From Wikipedia, the free encyclopedia
Jump to navigation Jump to search
Clinical data
Synonyms2-[bis[2-(carboxylatomethyl-(methylcarbamoylmethyl)amino)ethyl]amino]acetate; gadolinium(+3) cation
AHFS/Drugs.comMicromedex Detailed Consumer Information
  • US: C (Risk not ruled out)
Routes of
ATC code
Legal status
Legal status
Pharmacokinetic data
Protein bindingnegligible
Metabolismnot metabolized
Elimination half-life77.8 minutes
CAS Number
PubChem CID
Chemical and physical data
Molar mass591.672g/mol
3D model (JSmol)
 ☒N☑Y (what is this?)  (verify)

Gadodiamide is a gadolinium-based MRI contrast agent, used in MR imaging procedures to assist in the visualization of blood vessels. It is commonly marketed under the trade name Omniscan.

A 2015 study found trace amounts of Gadolinium deposited in the brain tissue of patients that had received Gadodiamide.[1][2]


Gadodiamide is a contrast medium for cranial and spinal magnetic resonance imaging (MRI) and for general MRI of the body after intravenous administration. The product provides contrast enhancement and facilitates visualisation of abnormal structures or lesions in various parts of the body including the central nervous system (CNS). It does not cross an intact blood brain barrier but might give enhancement in pathological conditions.

Adverse effects[edit]

A bottle of Omniscan contrast agent.

In February 2008, Danish media stated that gadolinium-based agents may be associated with a toxic reaction known as nephrogenic systemic fibrosis (NSF) in some patients with severe kidney problems.

Some articles suggested that over 60 persons examined with Omniscan had either died or had been severely disabled as a result of the use of the product. However, a recent report by the Danish Medicines Agency stated that there were 35 cases of NSF reported after use of Omniscan and that 33 of these had been reported from a single centre in Copenhagen. However, already in 2001, a case of renal toxicity and pancreatitis associated with Omniscan use for arteriography had been reported. In their paper, the authors also referred to two other previous case reports (1998 and 1999) of acute renal failure after gadoteridol (Prohance) intra-arterially and acute pancreatitis after intravenous gadolinium-diethylene triamine pentaacetic acid (Magnevist).[3] A case of cardiac arrest has also been reported. Gadopentetate dimeglumine (Magnevist) was administered during an MR study of the head, and from the rapid onset of signs and symptoms and subsequent cardiovascular arrest, a cause-and-effect relationship was suggested.[4] In the interest of public health, it seems important that not only renal disease should be considered a factor when decisions about the use of this kind of MRI contrast is taken.

Release of Gd3+ from the complex is said to be responsible for the toxicity associated with gadolinium complexes; this release appears to be a consequence of Zn2+, Cu2+, and Ca2+ transmetallation in vivo. This hypothesis is supported by 1) acute toxicity experiments, which demonstrate that despite a 50-fold range of LD50 values for four Gd complexes, all become lethally toxic when they release precisely the same quantity of Gd3+, and 2) by subchronic rodent toxicity experiments, which demonstrate a set of gross and microscopic findings similar to those known to be caused by Zn2+ deficiency.[5] A recent review takes the question of toxicity caused by loss of gadolinium from the complex. "The challenge for nephrologists includes (a) evidence of transmetallation, such as gadolinium deposits in bone, increased urinary zinc excretion, iron-transferrin dissociation or 'spurious hypocalcemia' in exposed people" [6]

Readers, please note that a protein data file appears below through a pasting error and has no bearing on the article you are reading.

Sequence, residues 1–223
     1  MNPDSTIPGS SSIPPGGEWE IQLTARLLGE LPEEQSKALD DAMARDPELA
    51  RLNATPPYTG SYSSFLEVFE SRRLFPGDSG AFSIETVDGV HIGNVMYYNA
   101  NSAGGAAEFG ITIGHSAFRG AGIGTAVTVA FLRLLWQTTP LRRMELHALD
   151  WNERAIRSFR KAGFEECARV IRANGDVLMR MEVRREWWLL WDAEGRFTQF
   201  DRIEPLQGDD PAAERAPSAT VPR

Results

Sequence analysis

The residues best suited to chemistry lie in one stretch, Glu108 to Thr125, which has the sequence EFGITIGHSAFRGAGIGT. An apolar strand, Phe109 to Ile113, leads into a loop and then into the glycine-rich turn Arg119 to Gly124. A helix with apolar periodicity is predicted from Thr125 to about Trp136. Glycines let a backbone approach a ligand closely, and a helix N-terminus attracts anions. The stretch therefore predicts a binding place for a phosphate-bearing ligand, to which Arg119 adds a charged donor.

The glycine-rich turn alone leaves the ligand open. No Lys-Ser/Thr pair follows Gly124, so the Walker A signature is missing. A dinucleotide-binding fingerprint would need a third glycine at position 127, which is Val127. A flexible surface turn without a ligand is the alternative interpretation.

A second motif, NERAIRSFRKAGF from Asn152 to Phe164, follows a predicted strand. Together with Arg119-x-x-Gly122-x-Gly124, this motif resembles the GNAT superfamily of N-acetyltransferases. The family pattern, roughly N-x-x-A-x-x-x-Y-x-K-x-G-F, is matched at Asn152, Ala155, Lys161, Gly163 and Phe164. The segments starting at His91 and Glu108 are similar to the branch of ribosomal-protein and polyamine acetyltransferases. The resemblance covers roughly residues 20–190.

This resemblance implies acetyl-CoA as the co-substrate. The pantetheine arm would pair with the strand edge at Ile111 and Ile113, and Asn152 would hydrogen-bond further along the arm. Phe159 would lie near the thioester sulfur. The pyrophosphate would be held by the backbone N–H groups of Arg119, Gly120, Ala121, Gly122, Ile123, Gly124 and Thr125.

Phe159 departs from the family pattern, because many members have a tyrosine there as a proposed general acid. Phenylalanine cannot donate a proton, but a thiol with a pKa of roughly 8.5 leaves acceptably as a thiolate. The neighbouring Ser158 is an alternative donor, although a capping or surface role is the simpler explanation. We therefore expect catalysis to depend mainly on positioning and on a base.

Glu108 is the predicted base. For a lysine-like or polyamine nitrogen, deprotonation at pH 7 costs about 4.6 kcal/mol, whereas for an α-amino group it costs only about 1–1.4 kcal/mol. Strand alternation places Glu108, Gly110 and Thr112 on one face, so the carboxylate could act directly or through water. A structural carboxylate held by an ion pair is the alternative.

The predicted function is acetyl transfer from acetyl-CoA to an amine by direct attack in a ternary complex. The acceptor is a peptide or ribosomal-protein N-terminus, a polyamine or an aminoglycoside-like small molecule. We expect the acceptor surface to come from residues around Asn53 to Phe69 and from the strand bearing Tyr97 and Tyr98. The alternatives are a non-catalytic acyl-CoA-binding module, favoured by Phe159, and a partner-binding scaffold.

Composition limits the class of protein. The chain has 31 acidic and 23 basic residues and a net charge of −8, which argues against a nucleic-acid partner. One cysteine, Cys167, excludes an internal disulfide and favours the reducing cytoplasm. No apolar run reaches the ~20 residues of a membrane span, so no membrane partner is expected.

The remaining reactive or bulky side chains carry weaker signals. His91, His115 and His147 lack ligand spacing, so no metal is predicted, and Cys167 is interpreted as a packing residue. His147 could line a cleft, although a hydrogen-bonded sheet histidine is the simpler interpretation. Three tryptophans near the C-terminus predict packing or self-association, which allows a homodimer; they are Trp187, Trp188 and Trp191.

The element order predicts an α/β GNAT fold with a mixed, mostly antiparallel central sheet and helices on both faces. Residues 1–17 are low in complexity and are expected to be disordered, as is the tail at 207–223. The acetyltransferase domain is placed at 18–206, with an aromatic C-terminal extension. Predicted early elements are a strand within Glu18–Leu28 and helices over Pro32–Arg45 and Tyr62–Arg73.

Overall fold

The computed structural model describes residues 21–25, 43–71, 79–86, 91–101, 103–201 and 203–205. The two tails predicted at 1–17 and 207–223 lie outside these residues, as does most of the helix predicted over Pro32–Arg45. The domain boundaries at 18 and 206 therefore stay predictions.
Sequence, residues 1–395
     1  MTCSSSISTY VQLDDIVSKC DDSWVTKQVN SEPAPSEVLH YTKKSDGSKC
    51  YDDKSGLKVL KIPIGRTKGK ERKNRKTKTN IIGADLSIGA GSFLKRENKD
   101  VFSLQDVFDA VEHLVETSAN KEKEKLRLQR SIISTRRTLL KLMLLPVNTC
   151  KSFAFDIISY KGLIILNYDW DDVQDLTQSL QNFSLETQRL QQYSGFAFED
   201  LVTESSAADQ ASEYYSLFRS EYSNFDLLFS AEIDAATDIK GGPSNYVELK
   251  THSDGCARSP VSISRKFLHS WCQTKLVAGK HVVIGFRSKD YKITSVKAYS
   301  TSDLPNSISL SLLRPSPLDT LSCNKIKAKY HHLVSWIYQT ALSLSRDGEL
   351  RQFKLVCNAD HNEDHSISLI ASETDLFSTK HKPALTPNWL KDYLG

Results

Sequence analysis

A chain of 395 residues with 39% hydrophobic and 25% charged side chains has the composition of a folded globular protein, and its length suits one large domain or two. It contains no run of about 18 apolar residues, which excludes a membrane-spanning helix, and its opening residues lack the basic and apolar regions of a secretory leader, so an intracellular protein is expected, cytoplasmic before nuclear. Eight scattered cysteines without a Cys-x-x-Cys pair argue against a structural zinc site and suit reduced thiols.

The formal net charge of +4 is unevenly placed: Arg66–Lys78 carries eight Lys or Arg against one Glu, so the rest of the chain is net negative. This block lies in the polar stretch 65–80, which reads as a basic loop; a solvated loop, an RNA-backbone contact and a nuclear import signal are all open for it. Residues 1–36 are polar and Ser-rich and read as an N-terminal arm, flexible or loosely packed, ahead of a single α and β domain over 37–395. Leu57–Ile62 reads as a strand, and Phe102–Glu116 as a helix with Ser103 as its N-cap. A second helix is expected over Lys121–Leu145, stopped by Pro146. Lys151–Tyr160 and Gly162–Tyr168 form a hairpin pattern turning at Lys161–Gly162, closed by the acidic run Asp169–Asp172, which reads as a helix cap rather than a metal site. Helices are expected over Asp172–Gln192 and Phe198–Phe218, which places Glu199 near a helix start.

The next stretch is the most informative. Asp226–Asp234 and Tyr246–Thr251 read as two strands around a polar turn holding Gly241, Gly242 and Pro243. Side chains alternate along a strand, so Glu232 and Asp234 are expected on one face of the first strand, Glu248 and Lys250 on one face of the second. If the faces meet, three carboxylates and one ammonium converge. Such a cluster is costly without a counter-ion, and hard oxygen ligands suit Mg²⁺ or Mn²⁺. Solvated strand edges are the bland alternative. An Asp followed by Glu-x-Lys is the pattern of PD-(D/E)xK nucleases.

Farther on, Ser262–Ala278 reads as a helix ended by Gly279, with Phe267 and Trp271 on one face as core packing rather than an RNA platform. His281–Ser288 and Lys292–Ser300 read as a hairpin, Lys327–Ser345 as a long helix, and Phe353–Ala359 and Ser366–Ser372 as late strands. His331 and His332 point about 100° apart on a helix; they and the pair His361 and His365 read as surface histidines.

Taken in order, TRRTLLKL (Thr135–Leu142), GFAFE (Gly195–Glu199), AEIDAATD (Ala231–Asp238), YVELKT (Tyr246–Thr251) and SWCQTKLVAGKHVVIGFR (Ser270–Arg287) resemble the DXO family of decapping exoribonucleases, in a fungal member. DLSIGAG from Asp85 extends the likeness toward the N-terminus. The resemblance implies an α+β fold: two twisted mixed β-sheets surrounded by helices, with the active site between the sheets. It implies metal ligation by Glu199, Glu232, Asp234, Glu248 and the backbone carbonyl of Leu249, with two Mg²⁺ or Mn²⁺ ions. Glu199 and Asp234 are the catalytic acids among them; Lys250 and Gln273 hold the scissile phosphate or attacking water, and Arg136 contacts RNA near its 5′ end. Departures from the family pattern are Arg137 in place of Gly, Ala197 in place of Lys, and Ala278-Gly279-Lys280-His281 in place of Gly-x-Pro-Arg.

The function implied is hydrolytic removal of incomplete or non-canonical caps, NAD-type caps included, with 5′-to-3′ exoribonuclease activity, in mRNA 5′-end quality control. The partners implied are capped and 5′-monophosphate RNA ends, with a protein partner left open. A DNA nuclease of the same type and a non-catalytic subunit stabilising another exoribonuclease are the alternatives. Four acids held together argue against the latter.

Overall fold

Nephrogenic systemic fibrosis (NSF) is a rare, but potentially serious, acquired systemic disease. To date, it has only been reported in patients with either severe, end-stage or acute renal impairment. There have been no reports of NSF associated with gadolinium-based contrast agents (GBCA) in those patients with mild or moderate renal impairment or with normal kidney function. This latter group of patients make up the significant majority of the population who undergo imaging procedures. To date, over 120 million doses of GBCA have been given over a 20-year period. Of those, more than 40 million doses were Omniscan.[medical citation needed]

One of the many, as yet unanswered, questions regarding NSF is why certain centers have relatively high numbers of NSF reports whereas the majority of hospitals using gadolinium contrast agents have no reports.[medical citation needed] Another question is why the manufacturer of Omniscan, GE has reported more cases vs. the official Yale Registry run by Shawn Cowper, MD.[citation needed]


  1. ^ Anderson, Pauline (2015-03-26). "Gadolinium Found in Brain Tissue". Medscape. Retrieved 14 April 2015.
  2. ^ McDonald, Robert J. (2015-03-05). "Intracranial Gadolinium Deposition after Contrast-enhanced MR Imaging". Radiology. 275 (3): 772–782. doi:10.1148/radiol.15150025. PMID 25742194.
  3. ^ Schenker MP, Solomon JA, Roberts DA. (2001). Gadolinium Arteriography Complicated by Acute Pancreatitis and Acute Renal Failure, Journal of vascular and interventional radiology 12(3):393.[1]
  4. ^ Unal, O; Arslan, H (1999). "Cardiac arrest caused by IV gadopentetate dimeglumine" (PDF). AJR Am J Roentgenol. 172 (4): 1141. doi:10.2214/ajr.172.4.10587169. PMID 10587169.
  5. ^ Cacheris, WP; Quay, SC; Rocklage, SM (1990). "The relationship between thermodynamics and the toxicity of gadolinium complexes". Magn Reson Imaging. 8 (6): 467–81. doi:10.1016/0730-725X(90)90055-7.
  6. ^ Canavese, C; Mereu, MC; Aime, S; Lazzarich, E; Fenoglio, R; Quaglia, M; Stratta, P (2008). "Gadolinium-associated nephrogenic systemic fibrosis: the need for nephrologists' awareness". Journal of Nephrology. 21 (3): 324–36. PMID 18587720.